[Marxism] Ian Birchall and the March Action

Louis Proyect lnp3 at panix.com
Thu Apr 11 22:16:53 MDT 2013


Ian Birchall:
Levi’s characterisation of the March Action as a putsch was misleading. 
Thousands of Communist workers took part, many with enthusiasm, often 
former Independent Socialist Party members who had joined the KPD hoping 
for rapid action.21 The best estimate of those participating was over 
200,000 workers on strike, plus unemployed and youth who took part in 
demonstrations: far too few for a bid for power, but rather a lot for a 
“putsch”.

full: http://www.isj.org.uk/index.php4?id=891&issue=138#138birchall_9


----

In March of 1921 the German Communist Party attempted a putsch that was 
the result of its own immaturity and some ultraleft prompting from Bela 
Kun, a Comintern emissary. The March Action, as it became known, was a 
disaster.

Paul Levi, who had resigned as party chairman earlier in the year, would 
emerge as the sharpest critic of the March Action and a key critic of 
Comintern interference in the German party. He had become embroiled in a 
dispute between the Italian Socialist Party and the Comintern over the 
infamous 21 conditions. The Italian party was divided into 3 
factions--right, center and left--, but only the right was consciously 
reformist. The Comintern representatives to the Italian party convention 
in January 1921, as would be expected, ordered the Italians to throw out 
the right wing. The leader of the center faction, Giacinto Serrati, did 
not want to alienate the Comintern but he was equally unwilling to break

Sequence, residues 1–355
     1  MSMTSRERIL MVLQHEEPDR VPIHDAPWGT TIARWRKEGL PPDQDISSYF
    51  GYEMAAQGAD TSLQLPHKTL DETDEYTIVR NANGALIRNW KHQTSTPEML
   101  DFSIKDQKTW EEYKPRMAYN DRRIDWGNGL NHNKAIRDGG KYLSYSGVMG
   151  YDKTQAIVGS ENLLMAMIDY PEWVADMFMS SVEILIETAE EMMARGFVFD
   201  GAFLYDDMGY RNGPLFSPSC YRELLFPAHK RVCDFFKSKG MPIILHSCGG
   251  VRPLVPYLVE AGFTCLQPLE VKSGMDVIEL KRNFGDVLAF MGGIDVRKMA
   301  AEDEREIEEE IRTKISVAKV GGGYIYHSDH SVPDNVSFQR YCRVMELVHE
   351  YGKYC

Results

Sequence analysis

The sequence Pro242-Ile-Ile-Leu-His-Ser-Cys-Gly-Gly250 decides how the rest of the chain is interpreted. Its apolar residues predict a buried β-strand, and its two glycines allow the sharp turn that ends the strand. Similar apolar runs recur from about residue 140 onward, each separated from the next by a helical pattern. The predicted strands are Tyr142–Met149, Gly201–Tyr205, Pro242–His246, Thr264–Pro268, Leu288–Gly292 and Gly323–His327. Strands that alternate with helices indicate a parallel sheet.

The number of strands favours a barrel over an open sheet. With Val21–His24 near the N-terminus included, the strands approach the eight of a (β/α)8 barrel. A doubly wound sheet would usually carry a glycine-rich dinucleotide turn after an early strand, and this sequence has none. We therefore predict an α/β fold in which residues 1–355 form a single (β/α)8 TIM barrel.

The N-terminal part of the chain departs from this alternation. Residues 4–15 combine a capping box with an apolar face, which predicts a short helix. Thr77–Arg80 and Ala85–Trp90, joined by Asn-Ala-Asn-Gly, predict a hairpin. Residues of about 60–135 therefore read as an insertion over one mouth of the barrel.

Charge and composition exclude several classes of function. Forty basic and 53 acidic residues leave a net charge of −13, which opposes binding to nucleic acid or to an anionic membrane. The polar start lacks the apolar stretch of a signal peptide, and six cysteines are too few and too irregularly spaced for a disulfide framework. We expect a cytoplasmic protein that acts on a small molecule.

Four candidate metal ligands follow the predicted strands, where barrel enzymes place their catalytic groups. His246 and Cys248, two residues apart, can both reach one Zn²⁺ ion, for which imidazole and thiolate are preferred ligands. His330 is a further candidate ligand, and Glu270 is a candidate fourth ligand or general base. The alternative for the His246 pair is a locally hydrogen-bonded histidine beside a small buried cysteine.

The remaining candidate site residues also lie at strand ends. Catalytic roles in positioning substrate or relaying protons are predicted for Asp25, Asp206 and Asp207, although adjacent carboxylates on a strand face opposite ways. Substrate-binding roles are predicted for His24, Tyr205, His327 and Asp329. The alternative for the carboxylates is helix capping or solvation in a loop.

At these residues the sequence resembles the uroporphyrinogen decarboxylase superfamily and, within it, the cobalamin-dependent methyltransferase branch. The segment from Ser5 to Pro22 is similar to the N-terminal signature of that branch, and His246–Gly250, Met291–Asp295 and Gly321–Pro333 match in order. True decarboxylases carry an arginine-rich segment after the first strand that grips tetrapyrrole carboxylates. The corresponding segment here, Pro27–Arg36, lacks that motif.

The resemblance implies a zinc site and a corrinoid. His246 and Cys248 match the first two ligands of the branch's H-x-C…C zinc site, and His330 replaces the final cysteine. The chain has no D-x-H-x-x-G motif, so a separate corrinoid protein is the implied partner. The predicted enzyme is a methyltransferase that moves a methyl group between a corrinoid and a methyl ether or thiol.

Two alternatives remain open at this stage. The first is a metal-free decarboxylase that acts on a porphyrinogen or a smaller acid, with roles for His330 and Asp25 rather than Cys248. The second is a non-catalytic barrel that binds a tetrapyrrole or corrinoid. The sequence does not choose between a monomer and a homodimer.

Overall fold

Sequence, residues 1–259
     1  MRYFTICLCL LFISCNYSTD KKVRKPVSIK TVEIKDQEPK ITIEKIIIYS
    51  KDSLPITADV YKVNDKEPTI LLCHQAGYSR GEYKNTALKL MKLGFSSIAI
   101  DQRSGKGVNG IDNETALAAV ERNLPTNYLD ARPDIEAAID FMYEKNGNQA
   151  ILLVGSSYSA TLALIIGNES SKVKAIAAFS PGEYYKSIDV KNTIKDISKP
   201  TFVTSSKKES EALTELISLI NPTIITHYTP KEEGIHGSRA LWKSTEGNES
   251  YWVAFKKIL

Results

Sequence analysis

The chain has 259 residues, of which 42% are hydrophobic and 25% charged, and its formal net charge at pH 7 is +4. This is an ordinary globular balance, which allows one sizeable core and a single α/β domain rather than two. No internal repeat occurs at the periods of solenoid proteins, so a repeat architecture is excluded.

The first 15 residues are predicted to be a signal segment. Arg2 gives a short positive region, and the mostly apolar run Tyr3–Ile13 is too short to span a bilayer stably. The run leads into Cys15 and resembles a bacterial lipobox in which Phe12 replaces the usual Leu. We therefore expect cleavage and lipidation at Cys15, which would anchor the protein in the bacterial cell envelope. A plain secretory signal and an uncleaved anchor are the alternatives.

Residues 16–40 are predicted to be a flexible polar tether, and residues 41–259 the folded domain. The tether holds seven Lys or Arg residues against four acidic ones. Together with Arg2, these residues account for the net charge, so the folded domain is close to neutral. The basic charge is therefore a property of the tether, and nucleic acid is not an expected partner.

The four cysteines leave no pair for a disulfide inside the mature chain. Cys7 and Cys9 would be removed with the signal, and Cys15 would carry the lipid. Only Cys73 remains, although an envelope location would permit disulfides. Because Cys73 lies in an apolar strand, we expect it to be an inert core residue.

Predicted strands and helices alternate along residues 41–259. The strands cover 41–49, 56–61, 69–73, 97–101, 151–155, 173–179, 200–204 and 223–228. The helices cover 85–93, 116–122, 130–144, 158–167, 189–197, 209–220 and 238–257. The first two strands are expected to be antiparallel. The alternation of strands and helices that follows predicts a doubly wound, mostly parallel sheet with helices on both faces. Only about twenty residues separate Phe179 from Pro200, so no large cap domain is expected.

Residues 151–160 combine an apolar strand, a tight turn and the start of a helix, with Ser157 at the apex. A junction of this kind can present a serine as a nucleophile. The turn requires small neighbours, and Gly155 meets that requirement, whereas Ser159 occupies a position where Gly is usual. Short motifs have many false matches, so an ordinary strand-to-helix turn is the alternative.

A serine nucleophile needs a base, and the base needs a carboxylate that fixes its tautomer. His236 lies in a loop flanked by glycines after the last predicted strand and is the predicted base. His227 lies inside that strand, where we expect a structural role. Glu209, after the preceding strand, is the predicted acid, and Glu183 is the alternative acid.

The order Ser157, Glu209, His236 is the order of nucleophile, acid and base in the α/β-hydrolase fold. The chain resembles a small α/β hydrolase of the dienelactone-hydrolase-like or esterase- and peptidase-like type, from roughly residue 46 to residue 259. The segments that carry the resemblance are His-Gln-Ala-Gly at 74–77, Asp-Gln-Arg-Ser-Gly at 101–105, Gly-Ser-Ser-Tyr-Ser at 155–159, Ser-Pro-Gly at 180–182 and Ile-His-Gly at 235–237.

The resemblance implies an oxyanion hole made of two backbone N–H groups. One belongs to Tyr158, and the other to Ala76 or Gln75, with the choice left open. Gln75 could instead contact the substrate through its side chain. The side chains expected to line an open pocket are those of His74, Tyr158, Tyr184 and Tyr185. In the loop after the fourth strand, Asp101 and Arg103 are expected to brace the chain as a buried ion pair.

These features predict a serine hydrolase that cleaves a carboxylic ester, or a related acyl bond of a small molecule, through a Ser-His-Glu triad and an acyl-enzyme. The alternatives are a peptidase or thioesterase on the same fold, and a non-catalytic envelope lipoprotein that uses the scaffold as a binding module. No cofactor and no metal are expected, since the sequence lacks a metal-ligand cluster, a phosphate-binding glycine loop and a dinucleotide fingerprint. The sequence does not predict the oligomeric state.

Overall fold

with the right faction on the spot since these party leaders had a 
strong union base. To Levi's consternation, a Comintern-engineered split 
took place and the remaining left faction formed the Communist Party of 
Italy.

When Levi returned to Germany to sit down with the Zentrale (Central 
Committee) to discuss the Italian events, one of the two Soviet 
emissaries who engineered the split, a Hungarian by the name of Matyas 
Rakosi, invited himself to the meeting. He defended the split and 
threatened that other parties, including their own, could get the same 
treatment if they didn't toe the line. The cowed Zentrale took a vote on 
the Italian events and Levi's position lost 28 to 23, whereupon he 
resigned as party chairman.

This left the Germany Communist Party in the hands of one Heinrich 
Brandler, a total mediocrity whose only claim to fame was some 
trade-union experience and commanding an armed detachment of workers in 
Saxony during the fitful 1919 uprising. Brandler had few strong 
convictions of his own and soon found himself accommodating to a rather 
aggressive ultraleft faction led by Ruth Fischer. Fischer and her 
followers thought that the Communist Party should be a party of action, 
an approach that stripped of its Marxist verbiage was pure Blanquism.

The German Communists received a surprise visit from a three emissaries 
from the Comintern, who at this point were covering as much territory 
per month as modern-day jet-setters. They were led by Bela Kun, who had 
led an unsuccessful revolt in Hungary 2 years earlier and was now on 
official duty in Germany to give the Communists there the benefit of his 
wisdom.

The party, Kun advised, must take the offensive even it had to resort to 
provocative measures. Once the Communists launched an offensive, 2 to 3 
million German workers were bound to follow their bold lead. When he 
revealed his ideas to veteran Communist Clara Zetkin, she was shocked. 
She went immediately to Paul Levi and stated that a witness must be 
present at all future conversations with Kun, who she regarded as an 
adventurer despite his Comintern credentials.

Kun and the Fischerites were successful in winning Brandler to their 
ultraleft schema and he announced in early March 1921 that "...We have 
in the Reich today two to three million non-Communist workers who can be